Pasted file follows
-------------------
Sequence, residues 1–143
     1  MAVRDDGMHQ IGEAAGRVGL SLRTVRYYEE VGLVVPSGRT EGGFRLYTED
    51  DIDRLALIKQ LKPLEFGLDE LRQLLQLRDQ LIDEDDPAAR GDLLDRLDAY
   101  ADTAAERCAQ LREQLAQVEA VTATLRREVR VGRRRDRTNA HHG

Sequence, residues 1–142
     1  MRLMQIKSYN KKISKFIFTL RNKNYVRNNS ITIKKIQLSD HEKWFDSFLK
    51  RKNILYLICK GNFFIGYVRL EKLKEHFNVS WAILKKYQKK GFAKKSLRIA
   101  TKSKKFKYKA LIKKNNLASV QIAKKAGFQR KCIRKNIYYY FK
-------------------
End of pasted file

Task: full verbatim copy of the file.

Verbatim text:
Sequence, residues 1–143
     1  MAVRDDGMHQ IGEAAGRVGL SLRTVRYYEE VGLVVPSGRT EGGFRLYTED
    51  DIDRLALIKQ LKPLEFGLDE LRQLLQLRDQ LIDEDDPAAR GDLLDRLDAY
   101  ADTAAERCAQ LREQLAQVEA VTATLRREVR VGRRRDRTNA HHG

Sequence, residues 1–142
     1  MRLMQIKSYN KKISKFIFTL RNKNYVRNNS ITIKKIQLSD HEKWFDSFLK
    51  RKNILYLICK GNFFIGYVRL EKLKEHFNVS WAILKKYQKK GFAKKSLRIA
   101  TKSKKFKYKA LIKKNNLASV QIAKKAGFQR KCIRKNIYYY FK